The 5 Most Important Financial Reasons Why the Winter Classic Must Be Played

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I’ve brought this up in a previous story, but the significance of this can’t be stressed enough – The 2013 Winter Classic at the haven of the Michigan Wolverines between the Wings and Leafs is a showcase game that will not only be quality hockey, but will provide a great amount of needed financial support to all parties involved. Due to the most recent delay of work in the NHL (which I chronicled the nature of and the premature graying effect it has had on my hair), the game is now once again in jeopardy – and not in the Alex Trebek sense, although I hear he IS a pretty big fan of the Leafs.

It is absolutely necessary and imperative for the ownership groups and the players to reconcile before New Year’s for both fan appeal and for purposes of revenue. Of the latter aspect, here’s why the cancellation of this game will cause heart palpitations all around North America.

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1.) TV ratings:
Outdoor games have progressively replaced the All-Star games as the most significant viewer event of the regular season. Last season’s ratings for the match-up between the Blueshirts and Flyers at Citizens Bank Park were a step down from previous classics due to the odd hour and the push back to a work day, but 2013 is showing to be better prepared. Surely, the shares will soar if all goes well. In addition, the Canadian market is where a lot of the money is, and this is the first time a Canadian team has participated in the Winter Classic (the Heritage Classic, which has been held in 2003 and 2011, has been the outdoor spectacle for Canadian teams, with the latter between Montreal and Calgary having actually eclipsed all previous outdoor NHL events despite competing with the Caps vs. Pens match-up at Heinz Field). The Canadian market, most especially in Ontario, will be bound to hold heightened interest and the CBC will roll out the big guns. With this set-up, all will be merry.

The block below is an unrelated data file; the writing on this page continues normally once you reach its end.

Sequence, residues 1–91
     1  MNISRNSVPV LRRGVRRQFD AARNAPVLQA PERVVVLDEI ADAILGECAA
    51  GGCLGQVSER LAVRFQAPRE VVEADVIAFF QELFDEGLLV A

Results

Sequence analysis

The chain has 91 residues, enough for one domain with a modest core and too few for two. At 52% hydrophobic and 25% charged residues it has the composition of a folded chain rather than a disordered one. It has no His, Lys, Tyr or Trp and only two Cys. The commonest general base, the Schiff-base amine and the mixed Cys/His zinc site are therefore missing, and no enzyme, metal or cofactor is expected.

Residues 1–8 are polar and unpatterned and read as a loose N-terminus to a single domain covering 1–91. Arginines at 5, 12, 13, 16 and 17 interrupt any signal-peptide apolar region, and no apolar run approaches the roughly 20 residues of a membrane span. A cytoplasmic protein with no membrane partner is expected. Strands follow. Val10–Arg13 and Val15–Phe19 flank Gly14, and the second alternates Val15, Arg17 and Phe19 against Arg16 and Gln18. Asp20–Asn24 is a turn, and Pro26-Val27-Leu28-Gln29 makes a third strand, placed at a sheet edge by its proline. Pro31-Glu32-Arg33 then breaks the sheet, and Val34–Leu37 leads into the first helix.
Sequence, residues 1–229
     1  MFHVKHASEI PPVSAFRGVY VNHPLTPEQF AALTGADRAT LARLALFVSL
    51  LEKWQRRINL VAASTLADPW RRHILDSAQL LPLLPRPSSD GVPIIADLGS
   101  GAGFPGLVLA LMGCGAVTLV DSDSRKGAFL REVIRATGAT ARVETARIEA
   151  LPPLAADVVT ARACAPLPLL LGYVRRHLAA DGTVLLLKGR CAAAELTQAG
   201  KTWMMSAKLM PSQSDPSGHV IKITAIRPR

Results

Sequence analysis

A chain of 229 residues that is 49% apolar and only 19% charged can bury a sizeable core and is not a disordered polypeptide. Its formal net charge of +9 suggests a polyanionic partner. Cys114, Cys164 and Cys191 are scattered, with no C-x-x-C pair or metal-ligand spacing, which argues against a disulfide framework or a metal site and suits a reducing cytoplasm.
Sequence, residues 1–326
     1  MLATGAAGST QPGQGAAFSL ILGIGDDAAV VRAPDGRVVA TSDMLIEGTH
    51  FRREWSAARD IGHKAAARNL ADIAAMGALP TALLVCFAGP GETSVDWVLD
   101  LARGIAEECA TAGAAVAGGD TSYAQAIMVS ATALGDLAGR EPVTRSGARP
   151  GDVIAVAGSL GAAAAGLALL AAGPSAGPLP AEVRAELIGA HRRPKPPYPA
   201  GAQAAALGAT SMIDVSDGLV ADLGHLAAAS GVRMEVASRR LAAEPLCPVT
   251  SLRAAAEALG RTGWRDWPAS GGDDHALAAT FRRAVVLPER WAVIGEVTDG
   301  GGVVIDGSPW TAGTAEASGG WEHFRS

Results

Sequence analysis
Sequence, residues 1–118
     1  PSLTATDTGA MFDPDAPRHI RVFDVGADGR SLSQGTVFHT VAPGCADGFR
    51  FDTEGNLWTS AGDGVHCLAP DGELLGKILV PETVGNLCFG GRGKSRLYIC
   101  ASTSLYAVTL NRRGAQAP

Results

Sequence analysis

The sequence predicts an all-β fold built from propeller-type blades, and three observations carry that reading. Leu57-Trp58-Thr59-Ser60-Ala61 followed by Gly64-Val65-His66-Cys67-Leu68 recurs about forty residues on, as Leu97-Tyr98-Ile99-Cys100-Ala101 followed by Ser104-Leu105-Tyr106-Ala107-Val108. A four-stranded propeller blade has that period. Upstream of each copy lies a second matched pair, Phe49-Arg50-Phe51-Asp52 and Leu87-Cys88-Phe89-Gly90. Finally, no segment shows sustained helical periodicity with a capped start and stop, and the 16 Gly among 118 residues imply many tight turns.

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2.) Alumni events draw in the nostalgics:
Despite the odds being against any members of the last Cup-winning Leafs being participants in the old-timers game (for blatant reasons – the number 1967 speaks volumes), there are going to be huge names involved regardless. Mandatory participants should include names such as Darryl Sittler (he may be getting up there, but as long as he still has his stride, his inclusion needs to happen), Darcy Tucker, and Doug Gilmour. (Mats Sundin has already declared his choice not to participate unfortunately). For the Wings, the only recently retired legends alone make everything star-studded. Yzerman may not be able to make it due to his commitments with Tampa Bay, but an at least partial Russian Five reunion (albeit with Konstantinov serving strictly as an ambassador – some wounds in life just don’t heal) looks very likely. Robitaille, Vernon, and Draper; along with older players such as Coffey and Ciccarelli, are also on the list of probable participants. With this gathering, the older audience is bound to gather and the appeal will be very broad.

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3) Reviving the struggling Leafs franchise:
Any fan of an Original Six team recognizes the cruciality of keeping all of them competitive. The executive orders of Maple Leaf Sports & Entertainment Ltd. have given hockey fans the incorrect impression that Mr. Tanenbaum is their version of Bill Wirtz – the real life Daddy Warbucks who couldn’t care less about team success. With this center stage, a renaissance in Toronto might (key word: might) not be far off. Although maybe they should trade away Kessel…

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4) MY GOD THE TICKET REVENUES:
Remember? If you’re a big fan of NCAA hockey, of course you do.

2010 – Michigan Wolverines vs. Michigan State Spartans at the Big House. Attendance: 113,411 fans announced. Can you imagine what will happen this time around? The shared revenue will be Apple product-esque for all parties involved. This can’t be argued against.

Lastly…
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5) Funding for the university talent pool:
The Entry Draft keeps the league moving forward. With the university getting their share of whatever money rolls in, further funding for the program is bound to be put forth. When this happens, more of the great talents of the Wolverines will have doors opened to the pros and this will be good for the sport in several capacities. What’s bad about that?

With all of this in mind, it’s clear the priority should be getting the puck dropped by New Year’s. These negotiations need to make quick progress – or else all will just fall through the cracks.

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